back to the source in the L4 acknowledgement (the 'C' at L4 in the back to the source in the L4 acknowledgement (the 'C' at L4 in the
packet at the top of the diagram). packet at the top of the diagram).
_ _ _ _ _ _
/_______ | | |C| ACK Packet (V) /_______ | | |C| ACK Packet (V)
\ |_|_|_| \ |_|_|_|
+---+ layer: 2 3 4 header +---+ +---+ layer: 2 3 4 header +---+
| <|<<<<<<<<<<<<<<<<<<<<<<<<<<<<<<<< Packet V <<<<<<<<<<<<<|<< |L4 | <|<<<<<<<<<<<<<<<<<<<<<<<<<<<<<<<< Packet V <<<<<<<<<<<<<|<< |L4
| | +---+ | ^ | | | +---+ | ^ |
| | . . . . . . Packet U. . | >>|>>> Packet U >>>>>>>>>>>>|>^ |L3 | | . . . . . . Packet U. . | >>|>>> Packet U >>>>>>>>>>>>|>^ |L3
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| | | | | | | | | | | | | | | | | | | data________\ | | | | | | | | | | | | | | | | | | | data________\
|__|_|_|_| |__|_|_|_| |__|_|_| |__|_|_|_| packet (U) / |__|_|_|_| |__|_|_|_| |__|_|_| |__|_|_|_| packet (U) /
layer: 4 3 2 4 3 2 4 3 4 3 2 layer: 4 3 2 4 3 2 4 3 4 3 2
header header
Figure 3: Feed-Backward Mode Figure 3: Feed-Backward Mode
ATM's feed-backward approach doesn't fit well when layered beneath ATM's feed-backward approach doesn't fit well when layered beneath
IP's feed-forward approach--unless the initial data source is the IP's feed-forward approach--unless the initial data source is the
same node as the ATM ingress. Figure 3 shows the feed-backward same node as the ATM ingress. Figure 3 shows the feed-backward
approach being used in subnet H. If the final switch on the path is approach being used in subnet H. If the final switch on the path is
congested (*), it doesn't feed-forward any congestion indications on congested (*), it doesn't feed-forward any congestion indications on
packet (U). Instead it sends a control cell (V) back to the router packet (U). Instead it sends a control cell (V) back to the router
at the ATM ingress. at the ATM ingress.
However, the backward feedback doesn't reach the original data source However, the backward feedback doesn't reach the original data source
directly because IP doesn't support backward feedback (and subnet G directly because IP doesn't support backward feedback (and subnet G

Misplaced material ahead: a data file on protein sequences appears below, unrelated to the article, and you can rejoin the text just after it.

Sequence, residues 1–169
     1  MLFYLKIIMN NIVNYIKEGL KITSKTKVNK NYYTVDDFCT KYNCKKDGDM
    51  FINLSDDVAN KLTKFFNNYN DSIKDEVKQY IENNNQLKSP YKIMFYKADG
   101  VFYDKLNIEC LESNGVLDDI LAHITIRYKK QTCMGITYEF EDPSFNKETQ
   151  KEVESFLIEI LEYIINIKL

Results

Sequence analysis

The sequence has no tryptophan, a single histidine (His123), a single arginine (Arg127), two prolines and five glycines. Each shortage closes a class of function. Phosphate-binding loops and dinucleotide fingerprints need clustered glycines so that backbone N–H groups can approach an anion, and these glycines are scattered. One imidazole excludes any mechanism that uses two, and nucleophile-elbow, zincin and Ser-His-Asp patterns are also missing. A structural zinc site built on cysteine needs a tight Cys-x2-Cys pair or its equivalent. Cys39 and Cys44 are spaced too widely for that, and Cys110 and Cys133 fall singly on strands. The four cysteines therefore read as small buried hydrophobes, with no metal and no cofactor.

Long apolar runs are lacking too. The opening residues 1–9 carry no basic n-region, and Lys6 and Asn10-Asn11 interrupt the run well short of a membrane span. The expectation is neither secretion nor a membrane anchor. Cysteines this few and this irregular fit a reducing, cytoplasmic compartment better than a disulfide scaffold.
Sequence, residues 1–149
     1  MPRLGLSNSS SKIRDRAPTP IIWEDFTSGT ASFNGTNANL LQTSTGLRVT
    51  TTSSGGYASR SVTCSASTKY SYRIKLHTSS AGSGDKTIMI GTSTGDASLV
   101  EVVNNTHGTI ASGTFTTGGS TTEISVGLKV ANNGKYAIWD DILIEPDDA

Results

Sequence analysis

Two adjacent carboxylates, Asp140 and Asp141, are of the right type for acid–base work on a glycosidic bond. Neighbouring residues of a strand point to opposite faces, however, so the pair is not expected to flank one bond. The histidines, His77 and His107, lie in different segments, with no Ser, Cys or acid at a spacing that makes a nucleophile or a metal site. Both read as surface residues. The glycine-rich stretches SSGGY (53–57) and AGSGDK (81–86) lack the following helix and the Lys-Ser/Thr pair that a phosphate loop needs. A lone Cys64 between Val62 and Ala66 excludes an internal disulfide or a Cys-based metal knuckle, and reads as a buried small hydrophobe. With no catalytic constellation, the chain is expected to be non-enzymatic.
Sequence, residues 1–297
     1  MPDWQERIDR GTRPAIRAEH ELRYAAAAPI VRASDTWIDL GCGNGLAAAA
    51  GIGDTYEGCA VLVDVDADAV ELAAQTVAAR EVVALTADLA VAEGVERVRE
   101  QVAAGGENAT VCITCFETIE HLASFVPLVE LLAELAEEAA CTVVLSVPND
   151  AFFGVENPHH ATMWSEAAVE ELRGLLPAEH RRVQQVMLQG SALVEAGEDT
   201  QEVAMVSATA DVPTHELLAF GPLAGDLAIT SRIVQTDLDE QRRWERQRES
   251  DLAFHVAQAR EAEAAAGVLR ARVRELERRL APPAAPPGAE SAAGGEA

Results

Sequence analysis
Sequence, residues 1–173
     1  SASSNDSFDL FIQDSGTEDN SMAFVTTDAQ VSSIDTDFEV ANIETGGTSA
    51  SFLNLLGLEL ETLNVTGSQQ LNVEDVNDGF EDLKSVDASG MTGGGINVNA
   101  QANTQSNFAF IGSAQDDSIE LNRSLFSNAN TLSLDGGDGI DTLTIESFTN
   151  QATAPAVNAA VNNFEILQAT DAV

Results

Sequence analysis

is independent of subnet H). Instead, the router in the middle is independent of subnet H). Instead, the router in the middle
throttles down its sending rate but the original data sources don't throttles down its sending rate but the original data sources don't
reduce their rates. The resulting rate mismatch causes the middle reduce their rates. The resulting rate mismatch causes the middle
router's buffer at layer 3 to back up until it becomes congested, router's buffer at layer 3 to back up until it becomes congested,
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[RFC6040] can be applied directly are: [RFC6040] can be applied directly are:
o L2TP [RFC2661] o L2TP [RFC2661]
o GRE [RFC1701], [RFC2784] o GRE [RFC1701], [RFC2784]
o PPTP [RFC2637] o PPTP [RFC2637]
o GTP [GTPv1], [GTPv1-U], [GTPv2-C] o GTP [GTPv1], [GTPv1-U], [GTPv2-C]
o VXLAN [vxlan]. o VXLAN [RFC7348].
4.2. Wire Protocol Design: Indication of ECN Support 4.2. Wire Protocol Design: Indication of ECN Support
This section is intended to guide the redesign of any lower layer This section is intended to guide the redesign of any lower layer
protocol that encapsulate IP to add native ECN support at the lower protocol that encapsulate IP to add native ECN support at the lower
layer. It reflects the approaches used in [RFC6040] and in layer. It reflects the approaches used in [RFC6040] and in
[RFC5129]. Therefore IP-in-IP tunnels or IP-in-MPLS or MPLS-in-MPLS [RFC5129]. Therefore IP-in-IP tunnels or IP-in-MPLS or MPLS-in-MPLS
encapsulations that already comply with [RFC6040] or [RFC5129] will encapsulations that already comply with [RFC6040] or [RFC5129] will
already satisfy this guidance. already satisfy this guidance.
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marked packet, if the decapsulator discovers that the higher layer marked packet, if the decapsulator discovers that the higher layer